By Hunter Rothwell
Deadwood in the 1870s is synonymous with the American
Wild West. Then part of the Dakota Territory, it was a lawless town
that attracted every kind of Victorian Age character. One of the
most memorable was a hard drinking woman who wore men’s clothing,
fought, chewed tobacco, smoked cigars, and was handy with a
gun and a bullwhip.

One night during Deadwood’s boom years, “Calamity Jane” and her
gunslinger friend Arkansas Tom attended a sold-out theater performance
by the Lard Players. Calamity Jane was sorely disappointed with
the plot’s unhappy outcome, so as the play ended, she stood and let fly a
long stream of tobacco juice, hitting the female star square in the eye.
Arkansas Tom hollered and shot out the lamps. The crowd
went wild, and the two marched out of the building
to the cheers of the audience. Life was never
dull when Calamity Jane was in town.

Martha Jane Cannary was
born sometime between 1852 and
1856 in Princeton, Missouri. The eldest of
six, dark-eyed Martha Jane was a tomboy who
loved the outdoors, hunting, fishing, riding and
playing with guns. As a young girl, she was very
pretty, but because her family was poor, she had
no formal education and was illiterate.

Just after the Civil War, in 1865, Robert Cannary caught
“Western fever,” with the hope and reward promised by the
territories. Robert and his wife Charlotte packed the children and
joined a wagon train traveling from Missouri to Virginia City,
Montana. The trip took five months.

“The greater portion of my time was spent in hunting along with
the men and hunters of the party,” wrote Jane in her autobiography.
“I was at all times with the men when there was excitement and adventures
to be had. By the time we reached Virginia City, I was considered a
remarkable good shot and a fearless rider for a girl my age.”

She was about
13, and could already “cuss as fiercely as any man” and had “learned to like
the taste of whiskey.”

Tragedy hit in Black Foot, Montana, in 1866, when Charlotte died of “washtub
pneumonia,” a general diagnosis for respiratory problems associated
with women working as laundresses in coal mining camps. Robert and the
children eventually settled on a 40-acre plot in Salt Lake City, Utah. Robert
passed away the next year.The oldest child, Martha Jane was now responsible for her younger brothers and sisters.

Once again, the family packed up, and
by 1868 they’d settled in Piedmont,
Wyoming. Barely in her mid-teens,
Martha Jane worked as a dishwasher,
a cook, a waitress, a dance-hall girl, a
nurse, an ox team driver, and began her
on-and-off employment as a prostitute
at Fort Laramie’s Three-Mile Hog Ranch.
Ultimately she had to find homes to
adopt her youngest siblings.

Starting in 1870, Martha Jane began
working for the U.S. government. Before
she was 20, General Crook appointed
her a scout under Buffalo Bill Cody.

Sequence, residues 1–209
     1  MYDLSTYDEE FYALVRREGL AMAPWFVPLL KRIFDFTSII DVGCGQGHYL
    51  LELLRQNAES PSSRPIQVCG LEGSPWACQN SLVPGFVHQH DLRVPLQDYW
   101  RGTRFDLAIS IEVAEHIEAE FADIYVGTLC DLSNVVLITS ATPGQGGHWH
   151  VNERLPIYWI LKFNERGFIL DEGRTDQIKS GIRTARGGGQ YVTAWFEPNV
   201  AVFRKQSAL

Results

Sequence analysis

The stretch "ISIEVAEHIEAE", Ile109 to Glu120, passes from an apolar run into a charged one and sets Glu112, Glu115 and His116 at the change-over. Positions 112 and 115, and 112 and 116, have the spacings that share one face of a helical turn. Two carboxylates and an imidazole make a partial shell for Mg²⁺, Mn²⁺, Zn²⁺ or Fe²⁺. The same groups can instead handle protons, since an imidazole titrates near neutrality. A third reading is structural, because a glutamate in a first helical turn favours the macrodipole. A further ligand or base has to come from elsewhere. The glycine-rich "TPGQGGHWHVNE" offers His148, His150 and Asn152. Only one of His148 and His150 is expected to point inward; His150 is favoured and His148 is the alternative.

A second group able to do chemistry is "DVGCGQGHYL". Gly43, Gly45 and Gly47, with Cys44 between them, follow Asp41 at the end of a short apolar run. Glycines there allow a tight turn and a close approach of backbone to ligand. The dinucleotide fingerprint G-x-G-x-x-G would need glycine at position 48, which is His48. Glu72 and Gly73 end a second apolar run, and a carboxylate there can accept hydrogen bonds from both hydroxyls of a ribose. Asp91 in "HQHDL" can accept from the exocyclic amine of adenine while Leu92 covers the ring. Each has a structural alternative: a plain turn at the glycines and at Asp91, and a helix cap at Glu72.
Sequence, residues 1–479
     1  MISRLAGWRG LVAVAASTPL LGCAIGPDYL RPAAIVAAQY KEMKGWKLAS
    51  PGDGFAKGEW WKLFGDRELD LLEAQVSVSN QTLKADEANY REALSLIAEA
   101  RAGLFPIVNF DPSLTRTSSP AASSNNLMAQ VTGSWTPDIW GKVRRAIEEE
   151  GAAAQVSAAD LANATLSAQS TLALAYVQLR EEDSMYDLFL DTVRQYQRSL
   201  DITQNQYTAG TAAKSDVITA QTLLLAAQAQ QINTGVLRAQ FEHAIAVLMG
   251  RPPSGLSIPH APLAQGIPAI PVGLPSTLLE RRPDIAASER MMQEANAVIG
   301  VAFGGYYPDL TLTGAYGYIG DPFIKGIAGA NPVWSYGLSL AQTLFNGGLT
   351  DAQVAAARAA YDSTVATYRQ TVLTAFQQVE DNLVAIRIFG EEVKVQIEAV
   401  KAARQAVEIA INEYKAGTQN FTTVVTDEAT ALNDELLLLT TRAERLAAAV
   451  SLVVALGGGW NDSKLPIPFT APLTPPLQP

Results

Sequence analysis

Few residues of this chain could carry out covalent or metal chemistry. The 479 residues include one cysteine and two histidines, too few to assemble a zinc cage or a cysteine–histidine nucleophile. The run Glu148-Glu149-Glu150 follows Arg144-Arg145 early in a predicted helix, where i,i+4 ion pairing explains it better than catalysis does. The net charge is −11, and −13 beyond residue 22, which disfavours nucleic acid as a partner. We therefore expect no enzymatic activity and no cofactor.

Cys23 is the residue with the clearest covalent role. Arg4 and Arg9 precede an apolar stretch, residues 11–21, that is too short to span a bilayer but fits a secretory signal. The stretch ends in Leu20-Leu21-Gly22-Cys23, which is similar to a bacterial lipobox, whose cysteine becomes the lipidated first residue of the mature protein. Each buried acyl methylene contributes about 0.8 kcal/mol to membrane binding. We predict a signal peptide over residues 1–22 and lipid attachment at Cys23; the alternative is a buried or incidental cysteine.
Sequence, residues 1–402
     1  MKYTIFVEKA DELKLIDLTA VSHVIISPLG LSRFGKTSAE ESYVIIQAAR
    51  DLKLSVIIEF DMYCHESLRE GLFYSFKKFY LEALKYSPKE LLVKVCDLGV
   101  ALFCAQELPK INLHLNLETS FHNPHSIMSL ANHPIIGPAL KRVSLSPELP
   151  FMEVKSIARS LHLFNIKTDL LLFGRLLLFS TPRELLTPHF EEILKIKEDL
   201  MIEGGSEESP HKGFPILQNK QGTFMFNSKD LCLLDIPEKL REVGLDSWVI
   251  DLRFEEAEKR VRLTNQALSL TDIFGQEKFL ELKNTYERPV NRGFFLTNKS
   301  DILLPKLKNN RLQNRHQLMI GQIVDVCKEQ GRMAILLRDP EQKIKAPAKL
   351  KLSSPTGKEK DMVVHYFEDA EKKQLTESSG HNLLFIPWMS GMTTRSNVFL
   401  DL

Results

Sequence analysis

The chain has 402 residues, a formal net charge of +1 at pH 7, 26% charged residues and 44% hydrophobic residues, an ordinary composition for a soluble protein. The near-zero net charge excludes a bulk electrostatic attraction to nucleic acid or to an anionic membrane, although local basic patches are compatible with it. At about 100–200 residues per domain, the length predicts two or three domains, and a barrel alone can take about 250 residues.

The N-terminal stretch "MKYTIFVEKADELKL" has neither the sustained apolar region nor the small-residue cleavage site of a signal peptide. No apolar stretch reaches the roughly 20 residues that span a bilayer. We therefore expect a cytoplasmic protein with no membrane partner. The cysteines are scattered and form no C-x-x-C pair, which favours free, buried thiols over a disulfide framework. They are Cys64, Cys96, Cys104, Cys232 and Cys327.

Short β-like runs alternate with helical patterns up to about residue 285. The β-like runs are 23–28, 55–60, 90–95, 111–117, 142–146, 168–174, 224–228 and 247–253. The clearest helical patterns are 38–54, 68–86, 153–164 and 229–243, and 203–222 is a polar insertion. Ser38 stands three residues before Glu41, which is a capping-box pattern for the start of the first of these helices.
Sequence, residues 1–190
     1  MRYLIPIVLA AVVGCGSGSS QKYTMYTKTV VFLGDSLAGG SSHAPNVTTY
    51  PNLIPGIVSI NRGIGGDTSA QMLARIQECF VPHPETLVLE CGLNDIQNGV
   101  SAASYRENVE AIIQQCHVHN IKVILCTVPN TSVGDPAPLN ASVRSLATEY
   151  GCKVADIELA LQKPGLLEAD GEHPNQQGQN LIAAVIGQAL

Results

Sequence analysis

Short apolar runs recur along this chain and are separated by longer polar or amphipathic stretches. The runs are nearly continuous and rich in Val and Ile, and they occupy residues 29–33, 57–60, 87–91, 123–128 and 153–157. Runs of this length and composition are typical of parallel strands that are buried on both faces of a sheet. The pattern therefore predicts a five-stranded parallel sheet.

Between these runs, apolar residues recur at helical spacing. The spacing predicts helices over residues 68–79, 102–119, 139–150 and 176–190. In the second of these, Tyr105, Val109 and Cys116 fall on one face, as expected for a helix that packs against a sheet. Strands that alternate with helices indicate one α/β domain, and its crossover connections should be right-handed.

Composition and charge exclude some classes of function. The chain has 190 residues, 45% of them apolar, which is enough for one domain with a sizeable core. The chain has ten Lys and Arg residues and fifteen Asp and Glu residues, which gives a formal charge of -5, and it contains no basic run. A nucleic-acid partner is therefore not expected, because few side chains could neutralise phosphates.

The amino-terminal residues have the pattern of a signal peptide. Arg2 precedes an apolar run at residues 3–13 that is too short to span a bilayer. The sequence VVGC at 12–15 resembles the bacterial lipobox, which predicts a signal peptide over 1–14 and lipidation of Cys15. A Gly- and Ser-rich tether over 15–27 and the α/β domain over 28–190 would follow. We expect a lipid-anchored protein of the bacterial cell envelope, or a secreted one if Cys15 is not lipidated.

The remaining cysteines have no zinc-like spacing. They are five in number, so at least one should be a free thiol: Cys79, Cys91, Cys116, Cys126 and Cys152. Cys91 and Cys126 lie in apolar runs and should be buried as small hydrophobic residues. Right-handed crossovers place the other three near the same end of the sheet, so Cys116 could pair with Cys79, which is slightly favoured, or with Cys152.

“From that time on, her life was pretty
lively,” recounted Cody.

“She had unlimited nerve,
and entered into the work
with enthusiasm, doing good
service on a number of occasions.”
Working as a scout, Jane was involved
in campaigns into the territories, mostly
efforts to move Native Americans onto
reservations. Because she wore the uniform
of a soldier, she was rarely recognized
as a woman.

She earned the name Calamity
Jane during this time.
She recounts that while on
campaign in Goose Creek,
Wyoming (now Sheridan), she rescued
Captain Egan after he was shot. On
returning to the Fort, Egan declared, “I
name you Calamity Jane, the heroine
of the plains.” However, Calamity
Jane was known to embellish on occasion,
and according to the St. Paul Dispatch,
“She got her name from a faculty
she has had of producing a ruction at any
time and place and on short notice.”
In Jane’s own words, to mess with
her was to “court calamity.” She
certainly lived up to the moniker.

In spring 1876, Calamity Jane met
Wild Bill Hickok in Fort Laramie.
She joined the wagon train and arrived
in Deadwood that June. There,
she worked as a Pony Express rider
on the rough 50-mile trail between
Deadwood and Custer. Making
the trip every two days, she was
never held up or robbed like
other riders, nor did the Sioux
Indians bother her.

Jane’s list of offenses included
drunken and disorderly
conduct (on too
many occasions
to count),
running up
store credit
with no
intention of
paying, and
drunk. But she helped any
person who was down and out,
giving them her last dollar, and
there is no evidence she ever
ruthlessly killed anyone.

In 1878, a small pox epidemic
hit Deadwood and eight men
were quarantined. According
to Jane’s occasional employer,
Madam DuFran, “Jane volunteered
to care for them…
three of the men died, and she
buried them, she recited the
prayer ‘Now I Lay Me Down
to Sleep.’ Her good nursing brought
five of these men out of the shadow
of death, and many more later on,
before the disease died out.” The
Deadwood community knew Jane as a
kind and loving individual, and for her
tremendous acts of kindness, the town
put up with her antics.

“On one occasion,” reported the Bozeman,
Montana Avant Courier, “The
cowboys in a saloon in Oakes, North
Dakota, began to ‘chaff’ her. Cannary
smiled, whipped out two revolvers,
shouting, ‘Dance you tenderfeet,
dance.’ Dance they did, with much
vigor. Calamity Jane was not a person to
be trifled with.”

By 1881, Jane was settled in Miles
City, Montana, along the Yellowstone
River. There, she raised stock and cattle
and ran a wayside inn where, according
to Jane, “The weary traveler could
be accommodated with food drink, or
trouble if he looked for it.”

Jane endured a rough, uncivilized,
masculine world. She retired to
Deadwood in 1901 after a last riding
and shooting appearance at the
Pan-American Exposition in Buffalo,
New York. When she died in her
early 50s, she looked 100. The famous
woman scout of the Wild West
was buried next to Wild Bill Hickok
in Deadwood’s Mount Moriah Cemetery,
as her last request.